Friends of Animals v. USFWS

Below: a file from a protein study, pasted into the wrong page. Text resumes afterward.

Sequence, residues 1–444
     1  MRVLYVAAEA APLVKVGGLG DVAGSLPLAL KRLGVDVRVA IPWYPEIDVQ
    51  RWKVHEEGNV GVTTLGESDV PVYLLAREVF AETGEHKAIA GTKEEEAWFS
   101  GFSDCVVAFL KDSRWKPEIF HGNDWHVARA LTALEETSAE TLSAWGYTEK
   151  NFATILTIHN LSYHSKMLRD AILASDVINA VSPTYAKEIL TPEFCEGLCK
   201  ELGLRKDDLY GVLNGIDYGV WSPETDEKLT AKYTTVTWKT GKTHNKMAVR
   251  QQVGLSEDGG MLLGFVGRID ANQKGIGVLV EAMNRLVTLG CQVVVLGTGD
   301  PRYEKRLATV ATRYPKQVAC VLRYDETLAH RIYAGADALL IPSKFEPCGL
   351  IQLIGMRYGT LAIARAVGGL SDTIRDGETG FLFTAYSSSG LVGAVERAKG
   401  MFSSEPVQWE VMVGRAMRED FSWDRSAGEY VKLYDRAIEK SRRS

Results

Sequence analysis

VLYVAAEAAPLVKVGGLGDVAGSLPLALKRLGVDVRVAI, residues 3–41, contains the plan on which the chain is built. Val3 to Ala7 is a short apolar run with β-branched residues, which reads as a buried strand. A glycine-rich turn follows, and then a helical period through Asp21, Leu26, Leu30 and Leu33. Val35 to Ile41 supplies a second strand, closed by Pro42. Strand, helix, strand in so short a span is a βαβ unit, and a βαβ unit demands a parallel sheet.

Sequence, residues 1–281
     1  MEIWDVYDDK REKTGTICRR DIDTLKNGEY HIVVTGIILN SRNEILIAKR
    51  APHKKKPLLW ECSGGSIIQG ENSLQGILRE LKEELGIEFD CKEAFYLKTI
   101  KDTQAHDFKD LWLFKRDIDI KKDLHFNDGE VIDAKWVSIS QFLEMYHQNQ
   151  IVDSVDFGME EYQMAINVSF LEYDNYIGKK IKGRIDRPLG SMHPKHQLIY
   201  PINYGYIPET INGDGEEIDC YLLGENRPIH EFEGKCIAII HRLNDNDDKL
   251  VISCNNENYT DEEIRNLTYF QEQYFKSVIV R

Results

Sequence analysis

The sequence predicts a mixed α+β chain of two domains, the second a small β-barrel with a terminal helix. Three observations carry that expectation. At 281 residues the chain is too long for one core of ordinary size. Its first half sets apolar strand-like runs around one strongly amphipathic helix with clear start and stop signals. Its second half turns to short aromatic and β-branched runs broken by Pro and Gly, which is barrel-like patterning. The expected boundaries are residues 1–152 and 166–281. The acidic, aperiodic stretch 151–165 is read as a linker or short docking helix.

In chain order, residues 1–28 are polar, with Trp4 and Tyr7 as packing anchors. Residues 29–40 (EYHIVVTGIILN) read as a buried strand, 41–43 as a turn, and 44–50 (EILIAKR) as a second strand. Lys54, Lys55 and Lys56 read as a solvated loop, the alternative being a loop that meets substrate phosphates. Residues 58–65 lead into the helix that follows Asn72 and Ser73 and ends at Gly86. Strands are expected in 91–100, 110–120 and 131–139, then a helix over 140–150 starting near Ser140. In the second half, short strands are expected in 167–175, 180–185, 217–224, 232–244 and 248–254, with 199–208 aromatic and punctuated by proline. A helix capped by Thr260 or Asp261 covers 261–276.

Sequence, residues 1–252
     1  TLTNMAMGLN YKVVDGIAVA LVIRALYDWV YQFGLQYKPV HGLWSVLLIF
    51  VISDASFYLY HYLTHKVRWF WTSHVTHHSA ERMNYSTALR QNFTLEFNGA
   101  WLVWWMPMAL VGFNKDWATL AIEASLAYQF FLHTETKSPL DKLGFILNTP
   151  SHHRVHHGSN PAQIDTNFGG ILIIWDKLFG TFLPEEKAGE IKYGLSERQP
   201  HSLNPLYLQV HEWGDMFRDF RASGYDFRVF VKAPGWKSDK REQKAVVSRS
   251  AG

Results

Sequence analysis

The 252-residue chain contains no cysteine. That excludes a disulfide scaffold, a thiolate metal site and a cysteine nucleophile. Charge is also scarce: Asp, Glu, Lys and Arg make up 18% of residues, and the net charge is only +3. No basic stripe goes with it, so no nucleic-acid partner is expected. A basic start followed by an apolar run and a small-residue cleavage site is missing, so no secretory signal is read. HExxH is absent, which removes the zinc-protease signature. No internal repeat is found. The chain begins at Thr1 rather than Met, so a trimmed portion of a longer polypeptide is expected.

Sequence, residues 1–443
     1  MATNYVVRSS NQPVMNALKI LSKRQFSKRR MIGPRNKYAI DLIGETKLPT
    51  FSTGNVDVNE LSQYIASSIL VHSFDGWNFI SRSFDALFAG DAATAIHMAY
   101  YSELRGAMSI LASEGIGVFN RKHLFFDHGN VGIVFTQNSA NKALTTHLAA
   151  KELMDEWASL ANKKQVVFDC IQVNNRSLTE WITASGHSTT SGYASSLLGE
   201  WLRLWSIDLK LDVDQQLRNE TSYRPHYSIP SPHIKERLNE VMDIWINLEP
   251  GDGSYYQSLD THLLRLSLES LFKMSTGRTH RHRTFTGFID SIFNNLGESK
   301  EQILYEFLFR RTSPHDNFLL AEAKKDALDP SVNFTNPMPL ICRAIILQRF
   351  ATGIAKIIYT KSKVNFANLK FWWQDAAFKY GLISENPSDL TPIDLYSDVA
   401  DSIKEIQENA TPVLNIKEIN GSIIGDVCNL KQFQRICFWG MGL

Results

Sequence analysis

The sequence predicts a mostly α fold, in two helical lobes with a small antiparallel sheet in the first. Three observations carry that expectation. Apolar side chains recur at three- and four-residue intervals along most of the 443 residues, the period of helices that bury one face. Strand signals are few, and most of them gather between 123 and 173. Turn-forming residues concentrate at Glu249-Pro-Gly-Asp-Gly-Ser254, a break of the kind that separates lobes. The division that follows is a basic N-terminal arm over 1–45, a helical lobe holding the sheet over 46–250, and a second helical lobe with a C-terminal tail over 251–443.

The Migratory Bird Treaty Act (MBTA), 16 U.S.C. 4321 et seq., did not limit the United States government from issuing a permit to remove birds of one species for scientific purposes if its intent was principally to benefit another species. The Ninth Circuit affirmed the district court's grant of summary judgment for the Service in an action challenging a permit allowing the taking of the barred owl. The panel held that the MBTA imposed few substantive conditions itself and delegated to the Secretary of the Interior broad discretion to implement the Act, discretion the Secretary has used to promulgate the regulation at issue that has no text directly supporting Friends' proposed same-species theory. The panel held that the "used for scientific purposes" exception in Article II(A) of the Mexico Convention included taking birds to study whether their absence benefits another protected bird species; even if the canon of noscitur a sociis applied in this case, the panel did not believe that it supported plaintiff's same-species theory; and the Canada, Japan, and Russia Conventions did not support the same-species theory. View "Friends of Animals v. USFWS" on Justia Law